Sunday, August 6, 2017

Stephen Miller - This Week's Scaramucci

As a senior White House adviser, [Stephen] Miller, 31, is one of Trump's policy wonks and a regular surrogate for the leader of the free world on talk shows. He's also a key architect of some of the administration's most exclusionary initiatives, including the yet-to-be-implemented Muslim ban and the proposed border wall with Mexico.


The Miller family belonged to the Santa Monica Synagogue only for two or three years — enough time for their eldest son, Stephen, to graduate Hebrew school in 2001. Miller's young face, with a grin, peeks out from the corner of that year's confirmation class photo, which hangs on a back wall of the temple, near a toilet and rec room. "We did our best here to teach Stephen the ethical standards of Judaism," says Jeff Marx, the Reform synagogue's longtime rabbi, who tutored Miller and appears with him in the class portrait.

Sixteen years later, Miller's picture is all over the place, but the progressive Jewish community that helped raise him is struggling to fathom how a native son found an intellectual home with President Donald Trump and his allies.

  Hollywood Reporter
When TV news viewers saw Trump adviser Stephen Miller accuse Jim Acosta of harboring a “cosmopolitan bias” during Wednesday’s news conference, they might have wondered whether he was accusing the CNN White House reporter of an excessive fondness for the cocktail made famous on “Sex and the City.” It’s a term that’s seldom been heard in American political discourse. But to supporters of the Miller-Bannon worldview, it was a cause for celebration. Breitbart, where Steve Bannon reigned before becoming Trump’s chief political strategist, trumpeted Miller’s “evisceration” of Acosta and put the term in its headline. So did white nationalist Richard Spencer, who hailed Miller’s dust-up with Acosta as “a triumph.”


So what is a “cosmopolitan”? It’s a cousin to “elitist,” but with a more sinister undertone. It’s a way of branding people or movements that are unmoored to the traditions and beliefs of a nation, and identify more with like-minded people regardless of their nationality. [...] In the eyes of their foes, “cosmopolitans” tend to cluster in the universities, the arts and in urban centers, where familiarity with diversity makes for a high comfort level with “untraditional” ideas and lives.


To be clear: Steve Bannon and Stephen Miller would angrily wave away any suggestion that they are echoing the sentiments of anti-democratic political movements, much less anti-Semitic dog whistles. But there is no evading the unhappy reality that to label someone a “cosmopolitan” carries with it a clear implication that there is something less patriotic, less loyal … someone who is not a “real American.”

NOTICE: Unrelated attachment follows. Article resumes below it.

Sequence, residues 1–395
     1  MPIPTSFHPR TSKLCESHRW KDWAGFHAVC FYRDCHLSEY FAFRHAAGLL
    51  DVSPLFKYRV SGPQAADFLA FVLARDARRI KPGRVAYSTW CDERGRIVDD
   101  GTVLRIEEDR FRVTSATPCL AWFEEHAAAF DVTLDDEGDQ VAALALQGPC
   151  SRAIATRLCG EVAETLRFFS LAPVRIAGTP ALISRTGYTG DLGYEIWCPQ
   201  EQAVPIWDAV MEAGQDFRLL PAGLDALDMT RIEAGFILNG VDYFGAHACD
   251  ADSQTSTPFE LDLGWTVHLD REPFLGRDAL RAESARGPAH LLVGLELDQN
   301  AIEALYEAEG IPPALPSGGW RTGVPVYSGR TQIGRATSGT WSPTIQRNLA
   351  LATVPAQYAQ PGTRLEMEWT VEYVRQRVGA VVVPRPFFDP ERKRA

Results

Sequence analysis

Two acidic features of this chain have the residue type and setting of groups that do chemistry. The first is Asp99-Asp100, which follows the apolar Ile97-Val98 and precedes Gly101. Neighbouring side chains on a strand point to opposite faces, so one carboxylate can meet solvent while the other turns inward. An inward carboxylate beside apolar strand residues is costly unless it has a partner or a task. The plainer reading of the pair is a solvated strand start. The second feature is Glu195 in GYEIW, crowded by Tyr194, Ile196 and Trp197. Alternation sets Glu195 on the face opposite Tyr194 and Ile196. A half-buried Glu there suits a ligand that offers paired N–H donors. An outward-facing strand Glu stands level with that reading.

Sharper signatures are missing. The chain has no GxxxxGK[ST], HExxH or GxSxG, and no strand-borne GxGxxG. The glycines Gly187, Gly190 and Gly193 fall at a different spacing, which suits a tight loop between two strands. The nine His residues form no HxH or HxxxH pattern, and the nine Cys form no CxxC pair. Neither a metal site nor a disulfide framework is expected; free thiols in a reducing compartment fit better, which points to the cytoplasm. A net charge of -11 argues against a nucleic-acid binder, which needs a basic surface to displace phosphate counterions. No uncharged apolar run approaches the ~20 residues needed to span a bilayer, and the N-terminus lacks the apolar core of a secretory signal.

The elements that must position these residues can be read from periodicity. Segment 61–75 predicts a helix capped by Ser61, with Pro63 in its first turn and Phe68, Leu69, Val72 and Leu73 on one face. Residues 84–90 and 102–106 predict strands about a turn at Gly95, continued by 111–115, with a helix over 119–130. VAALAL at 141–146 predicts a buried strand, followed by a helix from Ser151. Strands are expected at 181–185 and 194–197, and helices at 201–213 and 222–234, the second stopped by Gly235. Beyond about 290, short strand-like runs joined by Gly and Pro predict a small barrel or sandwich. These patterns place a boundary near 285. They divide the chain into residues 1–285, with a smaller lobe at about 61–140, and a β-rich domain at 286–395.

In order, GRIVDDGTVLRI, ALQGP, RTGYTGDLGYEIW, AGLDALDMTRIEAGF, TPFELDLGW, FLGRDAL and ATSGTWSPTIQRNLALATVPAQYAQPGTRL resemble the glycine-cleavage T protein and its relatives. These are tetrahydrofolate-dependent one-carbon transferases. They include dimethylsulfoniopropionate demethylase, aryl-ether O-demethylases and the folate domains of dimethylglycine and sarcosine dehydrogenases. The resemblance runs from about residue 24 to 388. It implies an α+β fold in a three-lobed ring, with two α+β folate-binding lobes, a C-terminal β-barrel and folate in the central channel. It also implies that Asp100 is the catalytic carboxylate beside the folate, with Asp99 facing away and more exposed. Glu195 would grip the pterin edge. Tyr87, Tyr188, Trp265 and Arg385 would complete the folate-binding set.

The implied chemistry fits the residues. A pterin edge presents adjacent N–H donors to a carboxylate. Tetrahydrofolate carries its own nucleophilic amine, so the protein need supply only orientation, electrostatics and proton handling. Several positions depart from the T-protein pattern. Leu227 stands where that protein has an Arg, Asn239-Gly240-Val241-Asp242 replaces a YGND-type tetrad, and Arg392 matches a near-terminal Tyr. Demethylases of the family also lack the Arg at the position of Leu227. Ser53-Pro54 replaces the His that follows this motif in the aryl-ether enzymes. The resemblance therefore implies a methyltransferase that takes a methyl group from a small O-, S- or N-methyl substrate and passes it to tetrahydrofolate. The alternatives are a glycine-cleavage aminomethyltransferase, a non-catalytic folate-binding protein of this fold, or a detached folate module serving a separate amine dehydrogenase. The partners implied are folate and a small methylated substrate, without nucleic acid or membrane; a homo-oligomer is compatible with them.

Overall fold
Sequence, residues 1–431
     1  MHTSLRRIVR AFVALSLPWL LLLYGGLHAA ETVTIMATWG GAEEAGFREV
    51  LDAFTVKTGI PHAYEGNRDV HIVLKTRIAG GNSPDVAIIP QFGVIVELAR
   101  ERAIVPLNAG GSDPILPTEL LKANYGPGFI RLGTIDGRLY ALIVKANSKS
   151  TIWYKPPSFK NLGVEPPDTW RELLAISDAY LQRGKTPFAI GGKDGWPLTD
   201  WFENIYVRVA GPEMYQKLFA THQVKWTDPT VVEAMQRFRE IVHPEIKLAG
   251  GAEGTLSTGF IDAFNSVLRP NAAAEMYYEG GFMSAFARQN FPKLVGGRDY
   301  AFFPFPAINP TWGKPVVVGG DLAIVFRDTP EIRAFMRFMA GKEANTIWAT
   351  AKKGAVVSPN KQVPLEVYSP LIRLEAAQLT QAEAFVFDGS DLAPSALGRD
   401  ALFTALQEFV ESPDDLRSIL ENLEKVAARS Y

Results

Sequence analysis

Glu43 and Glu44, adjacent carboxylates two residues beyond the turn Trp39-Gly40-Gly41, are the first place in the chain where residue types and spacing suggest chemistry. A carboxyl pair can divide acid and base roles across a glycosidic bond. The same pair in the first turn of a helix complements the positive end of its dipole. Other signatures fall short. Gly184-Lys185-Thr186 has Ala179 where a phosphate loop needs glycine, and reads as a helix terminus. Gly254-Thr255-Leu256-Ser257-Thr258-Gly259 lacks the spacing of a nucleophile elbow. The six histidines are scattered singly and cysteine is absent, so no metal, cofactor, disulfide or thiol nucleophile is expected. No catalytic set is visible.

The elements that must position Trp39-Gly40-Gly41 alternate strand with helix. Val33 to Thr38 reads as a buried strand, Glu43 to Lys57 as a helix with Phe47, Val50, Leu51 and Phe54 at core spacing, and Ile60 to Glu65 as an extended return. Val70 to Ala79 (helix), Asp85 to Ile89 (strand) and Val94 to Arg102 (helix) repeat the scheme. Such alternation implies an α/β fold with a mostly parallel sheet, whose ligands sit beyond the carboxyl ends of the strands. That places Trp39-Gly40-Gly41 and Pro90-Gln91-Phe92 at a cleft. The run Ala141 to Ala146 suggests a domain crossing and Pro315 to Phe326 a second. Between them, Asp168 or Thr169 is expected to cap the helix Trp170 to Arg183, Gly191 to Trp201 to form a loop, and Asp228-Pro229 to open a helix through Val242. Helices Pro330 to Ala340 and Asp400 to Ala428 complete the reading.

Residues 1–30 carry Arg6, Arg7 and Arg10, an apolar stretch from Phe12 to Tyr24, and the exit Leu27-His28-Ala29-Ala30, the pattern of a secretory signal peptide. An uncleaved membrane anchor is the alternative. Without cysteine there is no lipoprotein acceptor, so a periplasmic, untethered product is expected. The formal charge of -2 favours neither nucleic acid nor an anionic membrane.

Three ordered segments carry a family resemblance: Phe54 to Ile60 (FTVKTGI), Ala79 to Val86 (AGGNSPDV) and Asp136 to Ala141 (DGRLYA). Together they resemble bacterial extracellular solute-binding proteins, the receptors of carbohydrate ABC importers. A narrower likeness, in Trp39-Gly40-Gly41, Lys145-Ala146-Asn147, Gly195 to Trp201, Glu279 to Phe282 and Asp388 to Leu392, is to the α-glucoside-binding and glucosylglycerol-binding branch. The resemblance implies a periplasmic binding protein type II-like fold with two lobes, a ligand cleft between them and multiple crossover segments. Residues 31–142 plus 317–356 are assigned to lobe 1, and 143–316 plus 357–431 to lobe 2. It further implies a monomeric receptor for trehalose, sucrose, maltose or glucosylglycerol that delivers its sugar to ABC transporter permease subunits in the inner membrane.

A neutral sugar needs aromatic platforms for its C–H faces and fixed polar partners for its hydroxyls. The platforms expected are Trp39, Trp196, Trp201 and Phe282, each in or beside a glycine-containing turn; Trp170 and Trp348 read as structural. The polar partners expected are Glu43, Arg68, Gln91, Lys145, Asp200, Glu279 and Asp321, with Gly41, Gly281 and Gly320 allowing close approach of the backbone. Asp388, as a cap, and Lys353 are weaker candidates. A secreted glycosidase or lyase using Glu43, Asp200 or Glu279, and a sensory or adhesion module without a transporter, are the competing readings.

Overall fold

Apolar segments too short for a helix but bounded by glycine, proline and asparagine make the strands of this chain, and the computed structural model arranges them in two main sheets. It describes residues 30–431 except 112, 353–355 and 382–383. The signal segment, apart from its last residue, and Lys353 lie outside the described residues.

Trump's unforgiving antagonism against perceived enemies aligns closely with Miller's temperament. At Santa Monica High School, he fought with teachers and students about what he saw as unfair liberal bias. He penned furious editorials in the school newspaper. In one, after 9/11, he railed against Islam and said Osama bin Laden would "feel at home" at Samohi. After much haranguing, he successfully got school administrators to enforce a state law requiring students to recite the Pledge of Allegiance. He made several appearances on Larry Elder's conservative talk show and became friendly with conservative writer David Horowitz. He belittled diversity clubs and complained about letting Latino students speak Spanish.


Charles Gould, a comedian with numerous TV credits [...] recalls the day Miller took the stage in the high school auditorium. He already had a reputation as a contrarian who was openly anti-immigrant (and, in a widely reported incident, had abandoned one friend because he was Latino). On this day, Miller argued that students shouldn't have to pick up their own trash — that was janitors' work. Some found it funny, but the crowd booed Miller off the stage. Gould expected Miller to be deflated afterward. "But he was ecstatic," he recalls. "He said it had gone exactly as he'd wanted." Now, Gould, who also is Jewish, struggles with Miller's newfound power. "I can't begin to explain what it's like to have actually heard racism come out of the mouth of a person who has influence over legislation in this country," he says. Adds Justin Gordon, who attended Hebrew school with Miller, "A lot of people who went to school with him are sick to their stomachs."

  Hollywood Reporter

...but hey, do what you will anyway.

The Washington Post reported Monday, citing property records, that Miller lives in upscale downtown D.C. development CityCenter, in a condo he bought for $973,000 with a monthly fee of nearly $1,800. Per the report, the buyer for the condo was listed as a company with the same address as the real estate company Miller’s father owns.

Miller’s apartment building is billed as “the new ideal for sophisticated, modern, urban living,” a set of adjectives that collectively barely steer clear of the accusation he lobbed at Acosta during a contentious exchange at a White House press briefing last week.

I think Trump just hires the dickiest assholes he can find.  The ones most like himself.

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